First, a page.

Friday, January 12

The Post - Review

Published: January 12, 2018



R: January 5th, 2018 | R: 116 minutes | R: PG-13

ALL THE PRESIDENT'S MEN meets SPOTLIGHT in a Spielberg hot take on journalistic idealism. Meryl Streep gets the MVP in an already overcrowded cast as Katharine Graham, the Washington Post publisher who played a critical role in reporting leaked classified documents about the Vietnam War against the U.S. Government's instructions. THE POST, a docudrama set in 1971, is centered around one scene: a company party hosted by Graham is in the middle of a toast when a call interrupts the hostess's speech. The call, as it turns out, was the decisive moment in which Graham would decide whether to publish the story that would put the whole newspaper in jeopardy.

Spielberg accomplishes to transport viewers to a different era through great production and costume design, as well as effective makeup and hairstyle. This is a staple of good period pieces and THE POST successfully pulls off the look that it needs to convince us Streep and Tom Hanks (as Ben Bradlee) lead the Washington Post's Pentagon Papers investigation. The two of them serving as compelling leads, but ultimately over-qualified for the purpose of what THE POST intends to tell.

The comparison made in the first line of this review fits this film like a glove, except THE POST is neither as nuanced nor emotional. Spielberg plays it safe, letting Streep do most of the legwork to bring audiences into a climactic finish. In the age of "Fake News," this film feels at least incisive, if not prophetic.

Rating: 3 out of 5


Gerardo Gerardo (Contributor) is a film student living in Philadelphia. He usually prefers independent and classic films, but he will watch anything in theaters.
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Monday, December 18th was Steven Spielberg's 71st birthday. To celebrate -- and as an assignment -- I went to screen his new picture, The Post. My affections for Senor Spielbergo were blossoming before I was even born.
I wouldn't enter this world until nearly a decade after Steven directed my favorite film of all time -- Jaws -- and was subsequently ROBBED by the Academy Awards when they announced nominations for Best Director. To be fair, Milos Forman won for One Flew Over the Cuckoo's Nest, which I GUESS is okay...
But I digress.
It's safe to say that Steve-o Spielberg has an impressive track record. He's since picked up seven Best Director statues from the Academy, so he bounced back just fine.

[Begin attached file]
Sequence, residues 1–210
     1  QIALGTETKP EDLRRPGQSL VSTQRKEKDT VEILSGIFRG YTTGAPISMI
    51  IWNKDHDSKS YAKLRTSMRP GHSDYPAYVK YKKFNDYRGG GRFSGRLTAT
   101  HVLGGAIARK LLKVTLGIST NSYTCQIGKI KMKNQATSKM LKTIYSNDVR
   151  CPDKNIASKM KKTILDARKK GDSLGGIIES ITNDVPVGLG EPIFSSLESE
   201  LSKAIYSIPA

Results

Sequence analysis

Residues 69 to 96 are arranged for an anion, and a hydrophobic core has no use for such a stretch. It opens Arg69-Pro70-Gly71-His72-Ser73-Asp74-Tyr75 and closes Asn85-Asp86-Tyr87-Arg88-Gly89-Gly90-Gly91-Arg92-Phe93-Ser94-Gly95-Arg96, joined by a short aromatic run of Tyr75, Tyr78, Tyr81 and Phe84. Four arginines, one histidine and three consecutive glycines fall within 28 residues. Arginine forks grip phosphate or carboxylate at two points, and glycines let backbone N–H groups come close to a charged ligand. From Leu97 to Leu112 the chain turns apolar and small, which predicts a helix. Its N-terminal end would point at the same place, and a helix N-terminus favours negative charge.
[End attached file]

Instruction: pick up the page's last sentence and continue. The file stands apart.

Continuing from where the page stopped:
In The Post, Kay Graham (Streep) has inherited The Washington Post -- previously run by her father and then her late husband. In the Vietnam era, written word and the free press had the final say in goings-on around the world. Practicing caution in their outspokenness with a desire to deliver the truth to the news-hungry citizens of the world, Kay struggles with the pressures of maintaining the success of the paper.

While The Washington Post wasn't the most sought out paper on the stands, it was a publication whose team was earnest and hard-working.
Kay's hard-nosed, no-nonsense editor, Ben Bradlee (Hanks), is always scrambling to break the next big scoop before The Times or any of their many competitors.
When one of their journalists, Ben Bagdikian (Odenkirk), gets wind of a lead on a huge story involving scandal that spanned over two decades -- and details ways in which the United States sorely mishandled relations in the Vietnam War -- The Post will be faced with a nearly life or death decision.
Running an operation that had previously only been governed by folks of the male persuasion, Kay has the final say in whether or not The Post will show the world the truth or not, and run the Pentagon Papers.

This movie boasts a robust cast and a hearty dose of feminism. As much as I enjoyed those two things, however, not even seeing David Cross and Bob Odenkirk side-by-side on-screen could jostle me from my yawning.
It's a slow mover telling an important story that doesn't quite engage the audience until we near the crux.
Believe me when I tell you that Steven Spielberg and John Williams have enriched my life immeasurably. Meryl Streep and Tom Hanks are two of our most precious resources and should be protected at all costs. Cross, Odenkirk, Tracy Letts, Sarah Paulson, Bradley Whitford, Allison Brie, Pat Healy -- the players are heaven!

The story just didn't grab me by my lapels and shout, "Can you believe this?!" in my face, which tends to happen in most movies bearing Spielberg's name. I do understand that they can't all be Jaws, and will say that after we get into Act III, things amp up in a rapid fashion.
While The Post isn't my favorite of the year, it does tell a rather interesting story, integral to our country's past and even newsworthy here in 2017. See what I did there? Anyway, the movie will hit theaters in January. So if you need your Streep/Hanks jollies and would like to see the millionth film in the history of time to feature a scene with soldiers in Vietnam set to a classic rock song, check it out!

Rating: 3 out of 5


Katie Katie (Contributor) is a cinephile and Chicago native who has been reviewing film for nearly a decade. Her heroes include Roger Ebert and Jay Sherman -- it stinks!
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